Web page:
#2: Use Stronger Passwords. No matter how secure a financial institution or shopping website may be, if your password is easy to guess you are still at risk of fraud. Do not use your name, birthday or pet's name, as this information is readily available to many people, especially if you post it on social media. The best passwords are often derived from an entire phrase, rather than a single word, and incorporate letters, numbers and special characters. For example, the song lyric "Don't worry; be happy" can be transformed into this password: d0ntwry_Bhpy.
#3: Beware of phishing scams. The dangerous thing about phishing scams is they don't rely on weak website or network security. Instead, they attempt to crack the human firewall: you. Phishing scams attempt to obtain personal information or plant a virus or malware on your device by sending a fake email requesting that information, or instructing the recipient to click a link in order to reset their account.
Never give out your personal information over the Internet, phone, or via text message unless you know exactly who you are dealing with. If you receive a suspicious email from a business or charity and you're not sure if it's legitimate, close the email, open a new browser, visit their official website and contact them through their customer service. There is often an increase in phishing scam attempts after heavily publicized security breaches (pretending to offer account security) or natural disasters (fake charities), so be especially on guard in those situations.
#4: Avoid using public Wi-Fi to Buy. If you frequently shop online, keep in mind that any purchases made via the web require transmitting your credit card and/or bank account information over the Internet. Using a public Wi-Fi connection to do so puts that sensitive information at risk. Hackers can tap into unsecured Wi-Fi connections at hotspots like coffee shops and airport terminals to capture that information. If you're using a wireless connection to shop, be sure that it requires a password or WEP key. Websites that have additional security protections have https:// instead of http:// on all pages of the site.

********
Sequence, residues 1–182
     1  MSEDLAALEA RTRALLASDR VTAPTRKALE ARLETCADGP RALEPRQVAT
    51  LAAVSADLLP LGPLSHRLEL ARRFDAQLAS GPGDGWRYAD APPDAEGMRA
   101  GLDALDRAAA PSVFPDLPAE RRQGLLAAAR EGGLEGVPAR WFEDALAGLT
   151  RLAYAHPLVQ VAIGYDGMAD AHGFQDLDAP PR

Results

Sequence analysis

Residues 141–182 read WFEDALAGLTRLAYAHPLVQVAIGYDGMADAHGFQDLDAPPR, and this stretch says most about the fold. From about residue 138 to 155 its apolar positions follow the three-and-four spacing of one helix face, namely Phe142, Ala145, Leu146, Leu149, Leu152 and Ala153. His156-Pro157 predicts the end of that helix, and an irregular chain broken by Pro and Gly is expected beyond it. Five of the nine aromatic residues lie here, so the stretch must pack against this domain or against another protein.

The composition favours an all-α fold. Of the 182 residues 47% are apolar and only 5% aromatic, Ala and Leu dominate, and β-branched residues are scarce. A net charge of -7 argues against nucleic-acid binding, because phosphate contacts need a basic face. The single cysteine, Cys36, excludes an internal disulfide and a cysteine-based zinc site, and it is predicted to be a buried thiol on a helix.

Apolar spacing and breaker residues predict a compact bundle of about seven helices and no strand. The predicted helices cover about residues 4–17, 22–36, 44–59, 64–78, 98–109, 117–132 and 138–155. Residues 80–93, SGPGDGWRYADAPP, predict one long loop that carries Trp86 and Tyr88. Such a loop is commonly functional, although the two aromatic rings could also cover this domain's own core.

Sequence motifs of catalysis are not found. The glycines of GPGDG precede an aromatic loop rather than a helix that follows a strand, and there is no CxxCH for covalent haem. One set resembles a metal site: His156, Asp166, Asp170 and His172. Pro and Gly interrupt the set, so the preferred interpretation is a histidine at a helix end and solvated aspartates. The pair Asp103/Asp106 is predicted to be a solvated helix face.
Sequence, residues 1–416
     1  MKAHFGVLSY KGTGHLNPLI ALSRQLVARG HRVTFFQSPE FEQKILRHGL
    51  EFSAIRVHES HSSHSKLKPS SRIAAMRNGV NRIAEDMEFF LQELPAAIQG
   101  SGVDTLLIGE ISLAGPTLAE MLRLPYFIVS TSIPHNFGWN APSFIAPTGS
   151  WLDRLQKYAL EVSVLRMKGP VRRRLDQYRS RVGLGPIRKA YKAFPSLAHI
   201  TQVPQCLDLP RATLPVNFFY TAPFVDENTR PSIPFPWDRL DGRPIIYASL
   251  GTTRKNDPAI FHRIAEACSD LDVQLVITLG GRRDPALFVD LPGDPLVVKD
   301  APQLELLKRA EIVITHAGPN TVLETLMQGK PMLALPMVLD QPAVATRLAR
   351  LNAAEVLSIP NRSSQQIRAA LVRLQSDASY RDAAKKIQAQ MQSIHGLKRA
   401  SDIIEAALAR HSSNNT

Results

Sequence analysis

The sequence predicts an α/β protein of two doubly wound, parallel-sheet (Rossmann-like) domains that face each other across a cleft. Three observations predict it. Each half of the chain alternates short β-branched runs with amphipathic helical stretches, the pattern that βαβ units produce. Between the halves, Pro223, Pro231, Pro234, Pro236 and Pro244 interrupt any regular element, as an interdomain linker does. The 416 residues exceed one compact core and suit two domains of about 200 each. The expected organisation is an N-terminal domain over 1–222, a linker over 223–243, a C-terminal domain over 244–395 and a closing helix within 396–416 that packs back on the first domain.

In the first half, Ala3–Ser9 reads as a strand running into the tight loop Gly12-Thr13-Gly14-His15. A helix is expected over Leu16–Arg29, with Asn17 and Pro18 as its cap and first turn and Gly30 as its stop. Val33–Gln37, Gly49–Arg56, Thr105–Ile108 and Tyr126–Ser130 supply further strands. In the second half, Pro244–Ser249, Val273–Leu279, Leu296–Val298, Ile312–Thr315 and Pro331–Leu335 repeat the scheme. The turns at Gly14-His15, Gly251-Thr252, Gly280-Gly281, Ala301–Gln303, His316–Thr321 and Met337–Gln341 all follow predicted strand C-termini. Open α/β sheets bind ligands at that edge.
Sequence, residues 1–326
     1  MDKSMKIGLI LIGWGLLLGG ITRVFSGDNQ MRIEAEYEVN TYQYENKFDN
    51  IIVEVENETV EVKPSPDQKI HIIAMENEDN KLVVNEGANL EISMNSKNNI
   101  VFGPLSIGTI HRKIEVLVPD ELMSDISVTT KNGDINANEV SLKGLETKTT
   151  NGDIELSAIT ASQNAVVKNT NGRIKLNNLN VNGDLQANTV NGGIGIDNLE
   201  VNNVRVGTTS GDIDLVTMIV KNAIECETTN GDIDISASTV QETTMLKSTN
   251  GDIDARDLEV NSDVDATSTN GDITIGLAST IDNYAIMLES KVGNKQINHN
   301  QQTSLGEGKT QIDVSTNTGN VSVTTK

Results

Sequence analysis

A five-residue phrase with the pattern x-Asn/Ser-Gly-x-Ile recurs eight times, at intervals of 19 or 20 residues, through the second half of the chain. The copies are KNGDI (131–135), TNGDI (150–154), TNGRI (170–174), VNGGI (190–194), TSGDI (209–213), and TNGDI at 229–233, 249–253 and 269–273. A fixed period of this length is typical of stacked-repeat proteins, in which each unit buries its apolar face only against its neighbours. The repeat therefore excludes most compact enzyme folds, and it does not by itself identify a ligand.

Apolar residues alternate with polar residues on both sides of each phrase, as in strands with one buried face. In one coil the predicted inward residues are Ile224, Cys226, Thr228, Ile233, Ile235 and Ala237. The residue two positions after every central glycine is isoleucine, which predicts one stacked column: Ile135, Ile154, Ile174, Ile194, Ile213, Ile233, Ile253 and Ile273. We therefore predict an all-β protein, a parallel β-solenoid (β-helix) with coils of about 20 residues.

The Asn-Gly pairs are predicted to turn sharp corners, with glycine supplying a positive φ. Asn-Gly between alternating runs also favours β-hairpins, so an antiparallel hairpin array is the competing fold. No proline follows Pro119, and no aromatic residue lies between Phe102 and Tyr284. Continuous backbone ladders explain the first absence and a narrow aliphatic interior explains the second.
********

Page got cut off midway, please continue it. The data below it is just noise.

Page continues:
#5: Monitor Your Credit Report. Your credit score affects many aspects of your life, including interest rates on large purchases, obtaining loans, and even renting an apartment. Make sure you check your credit report three times per year (one for each of the three major credit reporting agencies: Experian, TransUnion and Equifax). You can do so for free by visiting www.annualcreditreport.com . Watch for unauthorized accounts, loans or purchases because they will damage your credit and signal that your identity may have been stolen. If you find inaccuracies in your report, you can dispute those errors online, by mail or over the phone by contacting the credit bureau where you found the inaccurate report (contact information will be on the report itself).
#6: Be careful what you throw away. Dumpster diving doesn't just apply to paper statements and discarded credit cards anymore. Before you recycle or donate old cellphones or computers, be sure to remove any personal and financial information. For computers, the best way to do this is to use a wipe utility program to overwrite the entire hard drive. For mobile devices, check the owner's manual, service provider website, or device manufacturer's website for information on how to permanently delete information. In addition, remove the SIM card from the device.


#7: Take Action. If you hear about a data breach or other fraud that might possibly affect your account, be proactive and change any related passwords. This is especially critical if you use the same password on multiple accounts (which you should avoid doing anyway). If you notice suspicious charges on your credit card or transfers from your banking account, contact your bank right away to notify them of the issue. They may put a freeze on the account to prevent further fraud, but this will keep the criminals from emptying your account.